Monitoring and Impact Evaluation Working Group- Web2fordev

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Monitoring & Evaluating Knowledge Management for Development (the notes below are based on an open space session held at the Web2fordev Conference in Rome, Italy. A group of about 15 individuals shared questions and answers about the impacts of KM for development. We agreed to share this information on the KM4dev Wiki so the group can continue to share their collective experience and/or in the name of the KM4Dev Wiki, mercilessly edit!!)

Challenge: How can one capture and measure the benefits of knowledge sharing? The participants in this open space session discussed the challenges associated with assessing the impact or results of a KM activity. We agreed that while one can tally web statistics, this quantitative measure does not speak to the quality of interactions and exchanges that a website might support. Participants shared ideas for how one might qualitatively and quantitatively measure the impacts of knowledge sharing activities.

Goals: • To provide to Donors, Clients and target/user groups information that demonstrates that funding for knowledge management (KM) is well spent. • To allow project teams to meet these groups’ need for quantifiable data.

Getting started: Measuring outputs or outcomes or both? KM efforts produce outputs (e.g. lessons learned, manuals, conference proceedings, workshops, listservs, websites etc.) and they also contribute towards achieving project outcomes (e.g. giving farmers access to market information, improving forest management practices, increasing awareness about health threats). Before setting up a plan for monitoring and evaluation it is important to decide why and how to measure outputs, outcomes or both.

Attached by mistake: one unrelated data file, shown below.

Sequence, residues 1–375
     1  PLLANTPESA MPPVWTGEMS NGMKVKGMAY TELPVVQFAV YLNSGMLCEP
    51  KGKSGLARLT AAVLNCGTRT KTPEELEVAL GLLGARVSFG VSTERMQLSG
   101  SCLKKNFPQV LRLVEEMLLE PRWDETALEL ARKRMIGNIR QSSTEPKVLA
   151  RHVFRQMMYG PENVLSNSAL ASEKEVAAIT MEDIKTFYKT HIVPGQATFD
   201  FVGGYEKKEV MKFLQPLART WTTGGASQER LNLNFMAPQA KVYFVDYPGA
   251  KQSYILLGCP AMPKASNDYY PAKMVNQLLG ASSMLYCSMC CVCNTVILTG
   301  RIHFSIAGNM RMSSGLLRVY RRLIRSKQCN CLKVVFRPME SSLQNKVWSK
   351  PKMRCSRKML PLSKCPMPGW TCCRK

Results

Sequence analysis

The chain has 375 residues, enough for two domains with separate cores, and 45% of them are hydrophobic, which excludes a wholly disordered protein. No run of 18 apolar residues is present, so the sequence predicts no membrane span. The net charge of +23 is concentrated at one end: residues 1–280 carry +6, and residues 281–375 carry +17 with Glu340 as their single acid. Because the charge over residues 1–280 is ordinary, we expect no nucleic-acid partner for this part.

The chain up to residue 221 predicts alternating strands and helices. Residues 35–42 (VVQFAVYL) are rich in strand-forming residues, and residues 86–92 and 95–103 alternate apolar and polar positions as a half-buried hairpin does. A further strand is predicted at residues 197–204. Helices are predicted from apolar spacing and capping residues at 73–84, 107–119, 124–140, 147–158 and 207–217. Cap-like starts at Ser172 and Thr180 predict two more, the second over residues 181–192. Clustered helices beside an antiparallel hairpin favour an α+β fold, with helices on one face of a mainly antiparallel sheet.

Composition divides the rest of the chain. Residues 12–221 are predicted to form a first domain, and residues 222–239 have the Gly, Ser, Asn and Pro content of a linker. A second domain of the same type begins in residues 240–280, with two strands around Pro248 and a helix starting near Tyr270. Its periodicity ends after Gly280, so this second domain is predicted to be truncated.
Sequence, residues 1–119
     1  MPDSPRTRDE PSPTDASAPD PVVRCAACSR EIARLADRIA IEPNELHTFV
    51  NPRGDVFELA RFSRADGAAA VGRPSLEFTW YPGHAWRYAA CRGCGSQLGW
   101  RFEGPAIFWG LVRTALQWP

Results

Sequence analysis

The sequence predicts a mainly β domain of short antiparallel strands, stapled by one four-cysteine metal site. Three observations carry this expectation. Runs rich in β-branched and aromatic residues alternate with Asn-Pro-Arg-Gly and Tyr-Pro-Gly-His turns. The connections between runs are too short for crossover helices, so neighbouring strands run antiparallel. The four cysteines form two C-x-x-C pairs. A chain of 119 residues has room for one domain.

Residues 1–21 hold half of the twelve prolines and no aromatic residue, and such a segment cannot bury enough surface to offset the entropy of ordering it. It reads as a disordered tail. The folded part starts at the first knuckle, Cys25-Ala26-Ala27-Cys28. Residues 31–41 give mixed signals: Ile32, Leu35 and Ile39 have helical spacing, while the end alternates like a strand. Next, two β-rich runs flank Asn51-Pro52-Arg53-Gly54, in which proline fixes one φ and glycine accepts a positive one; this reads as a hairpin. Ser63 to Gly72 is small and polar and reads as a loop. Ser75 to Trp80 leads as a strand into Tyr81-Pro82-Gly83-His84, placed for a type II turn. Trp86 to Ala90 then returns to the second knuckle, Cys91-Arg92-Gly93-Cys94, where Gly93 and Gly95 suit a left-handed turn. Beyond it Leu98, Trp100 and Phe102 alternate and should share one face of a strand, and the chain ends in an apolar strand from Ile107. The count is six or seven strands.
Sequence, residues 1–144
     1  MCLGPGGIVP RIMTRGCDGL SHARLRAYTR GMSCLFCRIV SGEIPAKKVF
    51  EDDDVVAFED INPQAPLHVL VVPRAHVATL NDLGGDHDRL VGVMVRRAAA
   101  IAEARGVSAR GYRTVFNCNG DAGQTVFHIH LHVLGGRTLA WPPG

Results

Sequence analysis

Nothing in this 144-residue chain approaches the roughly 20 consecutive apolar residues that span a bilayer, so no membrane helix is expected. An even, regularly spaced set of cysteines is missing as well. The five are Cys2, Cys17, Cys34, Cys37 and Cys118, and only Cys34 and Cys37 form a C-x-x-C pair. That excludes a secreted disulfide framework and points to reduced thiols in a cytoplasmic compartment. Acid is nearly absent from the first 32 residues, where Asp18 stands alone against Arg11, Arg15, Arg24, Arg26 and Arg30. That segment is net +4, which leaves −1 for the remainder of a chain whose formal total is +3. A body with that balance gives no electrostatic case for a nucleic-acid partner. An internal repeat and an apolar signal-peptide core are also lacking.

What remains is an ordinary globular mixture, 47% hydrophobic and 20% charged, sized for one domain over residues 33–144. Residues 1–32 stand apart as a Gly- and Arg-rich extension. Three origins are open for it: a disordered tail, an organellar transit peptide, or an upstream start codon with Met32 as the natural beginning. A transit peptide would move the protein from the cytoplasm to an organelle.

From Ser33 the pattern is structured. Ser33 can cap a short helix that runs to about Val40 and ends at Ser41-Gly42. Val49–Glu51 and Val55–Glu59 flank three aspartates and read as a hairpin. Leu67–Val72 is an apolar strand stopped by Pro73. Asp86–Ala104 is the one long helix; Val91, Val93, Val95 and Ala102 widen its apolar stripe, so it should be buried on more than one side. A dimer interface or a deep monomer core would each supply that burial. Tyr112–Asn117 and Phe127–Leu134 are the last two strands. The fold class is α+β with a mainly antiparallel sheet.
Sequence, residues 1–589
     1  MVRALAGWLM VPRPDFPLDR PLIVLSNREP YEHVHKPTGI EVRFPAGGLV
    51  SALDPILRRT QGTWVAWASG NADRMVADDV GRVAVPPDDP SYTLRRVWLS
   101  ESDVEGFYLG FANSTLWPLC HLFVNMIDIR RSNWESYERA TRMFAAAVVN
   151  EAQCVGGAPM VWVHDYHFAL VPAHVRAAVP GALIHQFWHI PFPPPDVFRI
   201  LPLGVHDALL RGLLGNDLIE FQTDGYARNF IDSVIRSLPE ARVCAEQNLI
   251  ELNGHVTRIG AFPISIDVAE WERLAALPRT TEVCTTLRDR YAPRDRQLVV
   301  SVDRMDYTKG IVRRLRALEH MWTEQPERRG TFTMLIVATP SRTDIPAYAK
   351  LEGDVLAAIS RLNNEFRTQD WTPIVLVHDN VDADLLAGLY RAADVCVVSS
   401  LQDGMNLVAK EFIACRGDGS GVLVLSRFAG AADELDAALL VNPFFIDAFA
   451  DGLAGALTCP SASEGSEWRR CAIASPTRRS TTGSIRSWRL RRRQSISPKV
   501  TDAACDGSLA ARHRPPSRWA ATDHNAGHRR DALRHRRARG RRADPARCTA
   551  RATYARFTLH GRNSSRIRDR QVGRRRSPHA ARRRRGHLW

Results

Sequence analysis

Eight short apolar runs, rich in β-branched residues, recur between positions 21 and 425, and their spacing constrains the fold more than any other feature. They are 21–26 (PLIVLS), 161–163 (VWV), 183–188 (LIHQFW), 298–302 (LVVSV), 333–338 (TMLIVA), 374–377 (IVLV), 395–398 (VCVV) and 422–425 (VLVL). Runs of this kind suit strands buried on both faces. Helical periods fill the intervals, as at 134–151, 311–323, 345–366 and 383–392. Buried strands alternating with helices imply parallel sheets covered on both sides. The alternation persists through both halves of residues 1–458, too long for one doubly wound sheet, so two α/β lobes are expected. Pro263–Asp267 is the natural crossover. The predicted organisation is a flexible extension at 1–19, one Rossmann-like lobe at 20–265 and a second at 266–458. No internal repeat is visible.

Methods: Ways to measure your KM impact

Qualitative Methods “The Kudos File” A “Kudos File” or compliment file can capture qualitative information that demonstrates how KM efforts are addressing project needs for services (outputs) and goals (outcomes). A “Kudos File” can be kept over the life of the project to capture unsolicited feedback, or feedback in response to a targeted evaluation or survey. It is important to log the time, context of the comment and person giving the feedback. Benefits: This method is simple and low tech. It provides anecdotal evidence of project impacts. Limitations: This method, if not applied with a broad survey or evaluation will not represent larger target audiences.

Outcome mapping Outcome maps can be used to show change: behavioral; market; etc. It can be effectively applied to show project outcomes e.g. for capacity building; are groups trained able to more effectively influence their surroundings? By documenting relationships between actors before and after a project, outcome mapping can show how peoples’ abilities, confidence and behavior have changed. Benefits: This method provides information that demonstrates how the KM efforts in a program contribute to achieving the project goals (outcomes). Limitations: Requires substantial baseline and post-project information about target groups. Outcomes can be affected by forces outside the project (e.g. political or legal changes, other programs, etc.).